Adding insult to financial manipulations, they have spent massive amounts of money on areas like general corporate administration, which include lobbyists, lawyers and executive pay — and then charged it to local phone customers. In fact, they spent more than double on this one area that on their network upgrades.
The rest of this article focuses on just the financial reports, the failed mergers, and staff cuts.
Verizon’s Mergers and Losses.
Competing for the second “most incompetent award in telecommunications”, Verizon also decided it would not properly upgrade the state utilities they control and instead become a media and wireless company.
(NOTE: This is a partial list created from Verizon’s financial reports, statements, and news stories.)
- Verizon bought AOL and Yahoo, for about $9 billion; AOL (which also owned Huffington Post) was $4.4 billion and Yahoo was priced at $4.5 billion, and both were sold at a fire sale for an estimated $5 billion.
- Tumblr, which Yahoo bought for $1.1 billion in 2013, was sold for under $20 million by Verizon.
- Verizon sold HuffPost in November 2020 with $119 million loss.
- Verizon took a $4.6 billion dollar ‘impairment” for “Oath”, also known as Verizon Media, to tie together these media assets.
- Verizon spent at least $53 billion on wireless spectrum auctions for fixed and mobile broadband instead of building out their fiber optic wireline to the home services.
Excessive Staff Cuts, Not Just from the Merger Sell Offs and Shutdowns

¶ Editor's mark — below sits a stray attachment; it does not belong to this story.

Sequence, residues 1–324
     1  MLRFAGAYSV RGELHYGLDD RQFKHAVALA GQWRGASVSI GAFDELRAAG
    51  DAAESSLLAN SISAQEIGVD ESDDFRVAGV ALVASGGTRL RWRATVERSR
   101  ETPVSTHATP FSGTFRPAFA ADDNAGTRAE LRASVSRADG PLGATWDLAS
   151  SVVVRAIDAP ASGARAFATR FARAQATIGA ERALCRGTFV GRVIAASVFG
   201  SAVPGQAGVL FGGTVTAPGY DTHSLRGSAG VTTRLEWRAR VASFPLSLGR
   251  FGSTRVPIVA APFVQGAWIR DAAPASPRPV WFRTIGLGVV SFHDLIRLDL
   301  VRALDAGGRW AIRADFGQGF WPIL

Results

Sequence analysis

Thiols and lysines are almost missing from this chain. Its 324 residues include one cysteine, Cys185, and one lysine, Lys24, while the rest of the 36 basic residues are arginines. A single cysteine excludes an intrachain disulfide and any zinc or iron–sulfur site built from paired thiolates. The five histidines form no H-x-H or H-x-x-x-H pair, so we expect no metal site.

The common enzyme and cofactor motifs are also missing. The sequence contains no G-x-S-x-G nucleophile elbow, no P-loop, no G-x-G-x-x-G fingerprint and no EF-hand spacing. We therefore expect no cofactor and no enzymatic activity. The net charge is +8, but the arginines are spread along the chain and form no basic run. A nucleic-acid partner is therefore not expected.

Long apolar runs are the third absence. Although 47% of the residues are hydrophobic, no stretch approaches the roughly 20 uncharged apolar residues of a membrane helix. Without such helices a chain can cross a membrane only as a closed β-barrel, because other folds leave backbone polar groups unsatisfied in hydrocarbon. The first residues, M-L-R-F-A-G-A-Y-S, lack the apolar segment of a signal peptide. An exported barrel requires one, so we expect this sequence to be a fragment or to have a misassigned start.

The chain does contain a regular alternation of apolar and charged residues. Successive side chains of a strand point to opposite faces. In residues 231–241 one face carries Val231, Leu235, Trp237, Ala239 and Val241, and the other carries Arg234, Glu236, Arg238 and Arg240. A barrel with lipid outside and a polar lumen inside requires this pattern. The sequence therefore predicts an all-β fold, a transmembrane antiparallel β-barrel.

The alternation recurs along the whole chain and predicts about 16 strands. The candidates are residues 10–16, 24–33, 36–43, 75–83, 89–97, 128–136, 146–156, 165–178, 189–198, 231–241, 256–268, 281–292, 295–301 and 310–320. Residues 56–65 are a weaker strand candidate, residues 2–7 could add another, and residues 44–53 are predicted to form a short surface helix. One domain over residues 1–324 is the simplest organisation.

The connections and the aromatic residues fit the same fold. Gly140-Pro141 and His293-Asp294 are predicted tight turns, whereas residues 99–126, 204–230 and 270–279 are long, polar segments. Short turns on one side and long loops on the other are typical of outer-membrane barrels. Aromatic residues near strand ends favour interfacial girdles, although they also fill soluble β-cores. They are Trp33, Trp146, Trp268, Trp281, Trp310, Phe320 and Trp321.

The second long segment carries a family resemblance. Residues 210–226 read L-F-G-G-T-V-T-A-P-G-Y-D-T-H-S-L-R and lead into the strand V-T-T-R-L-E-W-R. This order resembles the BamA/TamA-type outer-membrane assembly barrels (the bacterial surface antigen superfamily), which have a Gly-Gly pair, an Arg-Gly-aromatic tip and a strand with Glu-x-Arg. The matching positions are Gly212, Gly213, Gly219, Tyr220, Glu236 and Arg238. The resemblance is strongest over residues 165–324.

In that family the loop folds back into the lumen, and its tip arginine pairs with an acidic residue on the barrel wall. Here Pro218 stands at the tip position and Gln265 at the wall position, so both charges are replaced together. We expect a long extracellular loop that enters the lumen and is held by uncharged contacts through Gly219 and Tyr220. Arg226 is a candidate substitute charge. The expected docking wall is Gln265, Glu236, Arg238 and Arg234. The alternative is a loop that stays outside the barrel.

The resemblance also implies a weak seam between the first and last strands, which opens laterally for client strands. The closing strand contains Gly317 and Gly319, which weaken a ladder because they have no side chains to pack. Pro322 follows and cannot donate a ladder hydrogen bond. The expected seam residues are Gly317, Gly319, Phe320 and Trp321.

While we would expect declines in staff and construction expenses when you remove a company, these expenses go far beyond just that.
“ISP” Tax Gluttony — Never Used the Tax Benefits for Upgrading or Increasing Staff.
Tax Breaks Were Supposed to be Used for Broadband Build Out and Jobs.
As the chart details, AT&T and Verizon received huge tax benefits that they claimed would be used for fiber in the ground as well as the new staff to do it — never happened.
“every billion dollars AT&T invests is 7,000 hard-hat jobs. These are not entry-level jobs. These are 7,000 jobs of people putting fiber in ground, hard-hat jobs that make $70,000 to $80,000 per year.”
AT&T Staff Cuts and Network Dis-Investment
In order to show how these numbers relate, we will use AT&T’s financial reports from 2015–2021.
- AT&T has cut almost 67,000 staffers, going from 281,000 in 2015 to 215,000 in 2021.
- AT&T network investment has gone down 25% since 2016 — that’s almost $6 billion less.
- Historically, a state telecommunications utility spends 15–20% of their revenues on construction; AT&T has only spent, on average, less than 10%.
- Dis-investment AT&T has written off — i.e. disinvested in the wireline networks and has taken 155% more in ‘depreciation’ than was spent on new construction.
More Money Spent on Lobbying, Marketing and Executive Pay than Infrastructure.
This chart shows that AT&T has not spent the majority of money on maintaining, building out or upgrading the networks, especially the state-based telecommunications utilities in 21 states, but instead spent the largest amount of expenses on selling, general administration and this category is also known as “corporate operations expenses”.
“Selling, General and Administrative Expense
Selling, general and administrative expense includes salaries and wages and benefits not directly attributable to a service or product, the provision for credit losses, taxes other than income taxes, advertising and sales commission costs, call center and information technology costs, regulatory fees, professional service fees and rent and utilities for administrative space. Also included is a portion of the aggregate customer care costs as discussed above in “Cost of Services.”
Don’t Hold Us Accountable for Anything — You Can’t Touch This:
Verizon and AT&T rely on regulations and the lack there of, based on the protections afforded to them by ‘forward-looking statements’ —